- How The Mind Wanders...
- How The Mind Wanders… is an anecdotal blog about Wales, New Zealand and everywhere in between. Originally from Wales, I have had itchy feet since I can remember. Prior to 2014, I satisfied my travel cravings with short holidays, but after finally taking the first giant step and moving to New Zealand, I am now fulfilling my ambition to explore as much of the world as possible. Along the way, I aim to continue sharing the stories of my adventures, as well as occasionally touching on other subjects close to my heart. I hope you enjoy reading my blog as much as I enjoy writing it!
Monday, 22 August 2016
'Life is a series of experiences, each one of which makes us bigger, even though sometimes it is hard to realize this. For the world was built to develop character, and we must learn that the setbacks and grieves which we endure help us in our marching onward.' - Henry Ford.
Whilst on my most recent trip on the Trans-Siberian railway, I spent three weeks in Russia. I had some serious misconceptions about Russia before I arrived in the country. I worried more than I'd like to admit about crossing the border between Mongolia and Russia, having heard / read some horror stories about the tough border guards and problems that arose if documentation wasn't meticulously in order. I saw a lot of Western media reports about Russia, most of them disparaging. And how could I miss the Ukraine / Russia dispute that is ongoing?
Sunday, 14 August 2016
'Sometimes, I'll let little things get to me. Or I'll make a big deal out of little things.' - Jennette McCurdy.
My left side was aching. My knee was sore from being locked in the same position for too long. My hip screamed at me to turn over, to quit lying so still. I wanted to face the other way. Slowly, oh so carefully, I moved onto my back. So far so good. I shuffled my body over and the ancient metal bed springs screeched into life, creaking and groaning as they shifted under my weight, loud enough to wake the dead. I settled into my new position and sighed with relief as silence descended once more and peace reigned. It was 4am and as far as I could tell, none of the other four occupants in the room had been woken by the racket. Only me. I closed my eyes and tried to go back to sleep before I felt the need to move again and the whole process was repeated.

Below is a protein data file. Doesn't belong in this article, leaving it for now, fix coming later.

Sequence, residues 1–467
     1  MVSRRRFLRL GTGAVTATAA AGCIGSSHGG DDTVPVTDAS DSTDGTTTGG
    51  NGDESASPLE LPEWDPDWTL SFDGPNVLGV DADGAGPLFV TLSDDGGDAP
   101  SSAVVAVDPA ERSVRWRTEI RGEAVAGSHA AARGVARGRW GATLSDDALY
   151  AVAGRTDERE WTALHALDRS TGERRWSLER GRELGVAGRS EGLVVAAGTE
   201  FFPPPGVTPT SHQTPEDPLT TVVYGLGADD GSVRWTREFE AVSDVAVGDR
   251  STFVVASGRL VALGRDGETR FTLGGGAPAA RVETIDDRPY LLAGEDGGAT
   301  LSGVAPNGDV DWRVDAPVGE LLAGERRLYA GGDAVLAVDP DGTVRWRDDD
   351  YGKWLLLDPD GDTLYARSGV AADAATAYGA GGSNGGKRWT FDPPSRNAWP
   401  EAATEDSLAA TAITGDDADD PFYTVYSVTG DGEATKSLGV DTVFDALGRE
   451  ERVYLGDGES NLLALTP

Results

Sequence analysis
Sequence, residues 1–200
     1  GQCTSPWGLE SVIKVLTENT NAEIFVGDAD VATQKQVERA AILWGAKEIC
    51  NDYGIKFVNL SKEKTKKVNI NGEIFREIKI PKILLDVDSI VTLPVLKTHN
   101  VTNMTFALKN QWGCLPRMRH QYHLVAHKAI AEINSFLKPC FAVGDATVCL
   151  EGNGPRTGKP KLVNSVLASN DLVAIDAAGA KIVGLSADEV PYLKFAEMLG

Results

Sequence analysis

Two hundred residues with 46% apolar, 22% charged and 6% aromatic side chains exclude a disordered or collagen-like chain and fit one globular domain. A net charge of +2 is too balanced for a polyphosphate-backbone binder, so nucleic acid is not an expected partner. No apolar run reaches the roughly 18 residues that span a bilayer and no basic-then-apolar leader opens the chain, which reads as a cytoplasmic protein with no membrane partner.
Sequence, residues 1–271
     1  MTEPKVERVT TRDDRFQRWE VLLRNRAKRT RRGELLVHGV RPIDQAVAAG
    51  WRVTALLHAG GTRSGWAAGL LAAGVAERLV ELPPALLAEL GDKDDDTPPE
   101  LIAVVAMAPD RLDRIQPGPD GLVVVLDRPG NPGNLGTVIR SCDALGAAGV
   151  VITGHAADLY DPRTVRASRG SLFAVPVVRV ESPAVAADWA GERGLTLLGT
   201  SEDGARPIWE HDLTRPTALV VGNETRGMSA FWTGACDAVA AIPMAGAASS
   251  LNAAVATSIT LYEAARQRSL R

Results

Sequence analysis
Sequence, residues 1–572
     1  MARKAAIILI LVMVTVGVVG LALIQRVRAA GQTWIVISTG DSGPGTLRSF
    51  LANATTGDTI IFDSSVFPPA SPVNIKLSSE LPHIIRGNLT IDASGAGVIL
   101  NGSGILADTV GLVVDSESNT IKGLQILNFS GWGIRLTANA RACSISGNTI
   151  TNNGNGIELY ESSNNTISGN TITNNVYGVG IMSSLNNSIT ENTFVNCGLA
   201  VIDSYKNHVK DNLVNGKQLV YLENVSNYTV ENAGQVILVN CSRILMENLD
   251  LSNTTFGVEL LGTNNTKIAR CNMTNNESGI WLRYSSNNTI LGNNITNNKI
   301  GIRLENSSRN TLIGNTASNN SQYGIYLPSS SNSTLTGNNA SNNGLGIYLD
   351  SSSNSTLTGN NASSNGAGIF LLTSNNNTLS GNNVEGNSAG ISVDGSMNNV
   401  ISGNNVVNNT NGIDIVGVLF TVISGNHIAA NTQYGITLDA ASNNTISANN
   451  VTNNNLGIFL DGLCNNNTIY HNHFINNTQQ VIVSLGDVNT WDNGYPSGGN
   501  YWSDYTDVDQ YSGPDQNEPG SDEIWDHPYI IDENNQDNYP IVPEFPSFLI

In the photos, the hostel had looked okay. A bit strange, perhaps, with its name 'UFO Hostel' and the paintings of said UFO's dotted about on the walls, but none the less okay. And cheap too. Oh, how a wide-angle lens can lie!
Wednesday, 3 August 2016
'The mother art is architecture. Without an architecture of our own we have no soul of our own civilisation.' - Frank Lloyd Wright.
I blame P for the fact that, when I flick through my photo albums from our Long Journey Home, the majority of my photos are of buildings and architecture. His strong interest and enthusiasm for the subject has obviously rubbed off on me. Not that I mind in the slightest. Apart from food, something that I don't always experience to the full as a vegetarian, I think architecture is one of the easiest ways to experience a new culture as a visitor to a foreign country. And if I'm honest, I was growing a little tired of constantly photographing landscapes anyway*.
In honour of P's passion for the subject and for the fact it's clearly had an impact on my photography, I thought I'd share some of my more architectural photos taken on our trip. They help to showcase the different cultures in each country** that we passed through, and gives me an excellent opportunity to share a new love of mine: wooden shutters! Yes, you read that right. Wooden shutters. And to my joy, Russia was full of them...
Wednesday, 20 July 2016
|Above: the train on the China-Mongolia border.|
'Faster than fairies, faster than witches, bridges and houses, hedges and ditches...' - an excerpt from Robert Lewis Stevenson's poem 'From a Railway Carriage'.
These days, I prefer to share stories about my travels and life, rather than the practicalities of how I did it. I write better when I am telling a story than when I am explaining how I did it. Having completed our Long Journey Home, however, I do feel the need to spend a little bit of time talking about some of the practicalities of the trip, just so that anyone out there who might be considering undertaking this massive adventure themselves has some sort of resource to turn back to and bear in mind when they're planning their trip.
In this post, I will be talking about the trains that we took from China all the way back to London. Our aim - to take trains all the way home - was unfortunately scuppered by some unforeseeable circumstances in Munich, but I'll get to that later on.
Thursday, 14 July 2016
|Above: home long enough to walk Sybil a few times before leaving again... Facing off with a sheep!|
'I'm not a very fast-paced person.' - Patrick Fugit.
Or, at least, I thought I wasn't!!
When I got home from our Long Journey Home on the 17th June, I kind of thought I'd have a month or so to catch my breath before plunging into the next bit of whatever life threw my way. Despite being stone broke, the comfort of home, of being with my parents, the peace, the same bed every night, food on tap... It was so welcome (if occasionally a little dull sounding) after three months of non-stop movement and travel.
Don't get me wrong. I LOVE travel and already can't wait for my next trip. But there's nothing like sleeping in your own bed. But I digress.